Cars are great pieces of technology and it's sometimes easy to take that for granted and neglect them or treat them harshly. But that only leads to more frequent faults and a bigger strain on your pocket.
The vast majority of call-outs the breakdown organisations get are due to a lack of basic care and infrequent servicing. Driving style can also make all the difference between a component serving a reasonable life or wearing out prematurely.
It's mostly common sense, but here's a few basic ways to prolong the life of your car and its components:
Regular servicing: check the car's fluid levels regularly - water, brake fluid, engine, gearbox and power steering oil. Just running low of these essential fluids can put your engine under strain and cause slow but serious damage - potentially fatal, if any run out altogether. Get a regular full service to prevent any faulty parts causing unnecessary damage to other parts.
Watch the warning lights - ignition and oil lights should go out as soon as the engine starts and, once warmed up, the water temperature gauge should read somewhere around the middle. Any problems here and stop the car immediately, or more serious damage could be caused.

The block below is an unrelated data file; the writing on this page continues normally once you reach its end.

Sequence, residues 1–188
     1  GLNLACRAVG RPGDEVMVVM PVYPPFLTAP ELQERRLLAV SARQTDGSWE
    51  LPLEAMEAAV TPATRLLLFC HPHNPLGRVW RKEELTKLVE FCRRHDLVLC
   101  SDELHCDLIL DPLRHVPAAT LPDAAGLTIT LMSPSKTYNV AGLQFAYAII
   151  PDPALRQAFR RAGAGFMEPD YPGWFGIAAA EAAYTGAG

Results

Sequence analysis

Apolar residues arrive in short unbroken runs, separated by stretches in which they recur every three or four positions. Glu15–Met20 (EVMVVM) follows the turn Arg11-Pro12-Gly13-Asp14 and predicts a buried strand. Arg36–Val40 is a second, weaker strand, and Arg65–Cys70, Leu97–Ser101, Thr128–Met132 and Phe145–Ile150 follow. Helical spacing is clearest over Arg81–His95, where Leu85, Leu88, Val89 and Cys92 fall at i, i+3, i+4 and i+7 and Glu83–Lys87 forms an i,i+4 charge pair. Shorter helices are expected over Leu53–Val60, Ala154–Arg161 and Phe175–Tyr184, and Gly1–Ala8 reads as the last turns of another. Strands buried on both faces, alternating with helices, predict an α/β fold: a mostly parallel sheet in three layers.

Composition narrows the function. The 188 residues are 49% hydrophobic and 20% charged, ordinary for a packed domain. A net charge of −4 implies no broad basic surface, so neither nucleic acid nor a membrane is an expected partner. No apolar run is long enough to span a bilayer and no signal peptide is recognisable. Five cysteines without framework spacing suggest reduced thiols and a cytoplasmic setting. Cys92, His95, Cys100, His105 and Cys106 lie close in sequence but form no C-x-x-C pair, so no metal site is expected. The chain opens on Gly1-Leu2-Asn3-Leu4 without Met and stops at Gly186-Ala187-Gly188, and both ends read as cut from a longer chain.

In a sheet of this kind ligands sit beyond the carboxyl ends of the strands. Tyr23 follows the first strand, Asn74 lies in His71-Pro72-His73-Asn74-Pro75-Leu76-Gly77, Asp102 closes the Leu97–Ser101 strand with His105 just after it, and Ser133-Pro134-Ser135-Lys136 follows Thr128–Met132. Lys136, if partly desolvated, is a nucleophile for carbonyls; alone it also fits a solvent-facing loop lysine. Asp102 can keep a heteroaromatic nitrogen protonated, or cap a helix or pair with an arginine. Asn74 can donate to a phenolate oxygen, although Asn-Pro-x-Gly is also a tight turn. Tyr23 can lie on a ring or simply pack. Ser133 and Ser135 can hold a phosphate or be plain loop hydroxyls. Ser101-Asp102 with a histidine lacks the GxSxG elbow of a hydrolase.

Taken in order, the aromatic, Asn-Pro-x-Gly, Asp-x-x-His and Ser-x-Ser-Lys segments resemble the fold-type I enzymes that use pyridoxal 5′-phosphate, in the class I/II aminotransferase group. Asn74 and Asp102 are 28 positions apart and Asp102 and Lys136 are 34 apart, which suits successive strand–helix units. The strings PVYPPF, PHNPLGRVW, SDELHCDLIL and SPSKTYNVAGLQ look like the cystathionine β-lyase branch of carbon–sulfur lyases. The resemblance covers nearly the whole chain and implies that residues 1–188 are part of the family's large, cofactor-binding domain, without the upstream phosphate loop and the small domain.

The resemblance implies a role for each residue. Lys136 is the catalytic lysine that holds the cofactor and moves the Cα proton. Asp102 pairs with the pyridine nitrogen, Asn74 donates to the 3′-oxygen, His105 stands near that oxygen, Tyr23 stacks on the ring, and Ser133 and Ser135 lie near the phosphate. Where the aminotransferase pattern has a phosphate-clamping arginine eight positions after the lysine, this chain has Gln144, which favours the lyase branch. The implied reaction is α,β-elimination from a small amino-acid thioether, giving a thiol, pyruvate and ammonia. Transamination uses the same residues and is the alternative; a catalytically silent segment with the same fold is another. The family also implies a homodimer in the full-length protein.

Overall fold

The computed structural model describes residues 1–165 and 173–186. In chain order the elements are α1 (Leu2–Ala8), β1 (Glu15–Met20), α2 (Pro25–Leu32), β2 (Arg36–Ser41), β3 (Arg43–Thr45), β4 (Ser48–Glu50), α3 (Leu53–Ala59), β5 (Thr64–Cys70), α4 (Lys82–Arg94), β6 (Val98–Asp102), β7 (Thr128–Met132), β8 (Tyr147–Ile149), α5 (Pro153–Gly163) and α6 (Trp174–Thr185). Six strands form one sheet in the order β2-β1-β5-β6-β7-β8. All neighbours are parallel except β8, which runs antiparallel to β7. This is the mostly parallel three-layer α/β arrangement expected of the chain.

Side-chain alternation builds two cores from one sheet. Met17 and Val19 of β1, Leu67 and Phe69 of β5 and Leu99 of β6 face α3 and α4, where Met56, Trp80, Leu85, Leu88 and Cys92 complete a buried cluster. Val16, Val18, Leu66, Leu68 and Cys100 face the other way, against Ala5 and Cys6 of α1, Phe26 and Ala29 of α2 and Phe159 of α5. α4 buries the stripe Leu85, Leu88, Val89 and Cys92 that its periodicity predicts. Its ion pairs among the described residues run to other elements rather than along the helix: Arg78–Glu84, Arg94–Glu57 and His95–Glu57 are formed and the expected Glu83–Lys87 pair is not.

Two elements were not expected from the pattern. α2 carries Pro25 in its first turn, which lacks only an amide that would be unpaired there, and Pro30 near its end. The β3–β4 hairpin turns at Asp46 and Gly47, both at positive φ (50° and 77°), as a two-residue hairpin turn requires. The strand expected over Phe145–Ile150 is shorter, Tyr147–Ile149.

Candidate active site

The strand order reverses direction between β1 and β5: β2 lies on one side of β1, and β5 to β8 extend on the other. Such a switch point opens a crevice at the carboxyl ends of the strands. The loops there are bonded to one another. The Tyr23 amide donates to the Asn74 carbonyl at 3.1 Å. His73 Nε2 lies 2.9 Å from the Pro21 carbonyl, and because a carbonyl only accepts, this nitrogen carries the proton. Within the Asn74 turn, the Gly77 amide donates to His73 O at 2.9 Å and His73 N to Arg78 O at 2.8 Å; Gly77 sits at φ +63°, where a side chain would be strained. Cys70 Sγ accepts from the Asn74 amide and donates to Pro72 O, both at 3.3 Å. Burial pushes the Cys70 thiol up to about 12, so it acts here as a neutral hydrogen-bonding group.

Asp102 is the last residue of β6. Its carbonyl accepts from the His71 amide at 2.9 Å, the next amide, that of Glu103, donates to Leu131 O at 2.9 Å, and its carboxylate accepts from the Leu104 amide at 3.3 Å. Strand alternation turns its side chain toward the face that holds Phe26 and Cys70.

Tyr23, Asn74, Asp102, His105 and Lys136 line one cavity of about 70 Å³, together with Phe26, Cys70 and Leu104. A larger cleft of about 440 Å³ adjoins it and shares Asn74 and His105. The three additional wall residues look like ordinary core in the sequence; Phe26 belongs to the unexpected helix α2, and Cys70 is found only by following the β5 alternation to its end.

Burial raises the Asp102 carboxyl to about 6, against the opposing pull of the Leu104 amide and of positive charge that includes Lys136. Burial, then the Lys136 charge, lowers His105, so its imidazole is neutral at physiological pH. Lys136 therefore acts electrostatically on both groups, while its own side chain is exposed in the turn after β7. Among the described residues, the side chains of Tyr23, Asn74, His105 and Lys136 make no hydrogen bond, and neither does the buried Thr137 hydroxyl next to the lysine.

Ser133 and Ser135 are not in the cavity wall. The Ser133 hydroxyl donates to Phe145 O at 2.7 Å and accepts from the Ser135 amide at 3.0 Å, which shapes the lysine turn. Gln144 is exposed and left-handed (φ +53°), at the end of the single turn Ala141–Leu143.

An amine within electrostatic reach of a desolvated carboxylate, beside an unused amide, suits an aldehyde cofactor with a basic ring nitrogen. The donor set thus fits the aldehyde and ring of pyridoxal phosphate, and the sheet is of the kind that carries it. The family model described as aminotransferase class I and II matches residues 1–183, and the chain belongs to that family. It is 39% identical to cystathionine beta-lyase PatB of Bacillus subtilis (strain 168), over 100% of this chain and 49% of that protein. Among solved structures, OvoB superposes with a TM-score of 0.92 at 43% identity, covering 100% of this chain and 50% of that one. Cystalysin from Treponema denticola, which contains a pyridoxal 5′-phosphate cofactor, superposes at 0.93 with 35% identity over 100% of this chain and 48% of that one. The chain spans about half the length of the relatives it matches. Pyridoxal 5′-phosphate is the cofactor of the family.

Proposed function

Respect your car when it's cold: always let the engine warm up properly before driving the car hard. That's the oil - not the water, which warms up a lot quicker. Around 3 - 4 miles of gentle driving should allow the oil to get to the temperature at which it gives maximum protection.
Regular washing: prevent corrosion by giving your car a regular wash. Particular dangers are bird droppings on the paintwork in the summer and salt sprayed all over the car from the winter roads.
Don't change up the gears too early: you're not being kind to your car or saving fuel. It causes the engine to strain and doesn't help save fuel because you have to press the accelerator harder.
Brake gently and early: rough accelerating and braking will put greater strain on your car. Prevent excess wear by looking further ahead and braking earlier & more gently.
Don't run your fuel tank to near empty: a layer of gunk lurks at the bottom of a fuel tank that will do your engine no favours if sucked up into it. Get into the habit of filling up when your tank is down to a quarter full.
If you're kinder to you car, it will certainly be kinder to your pocket.
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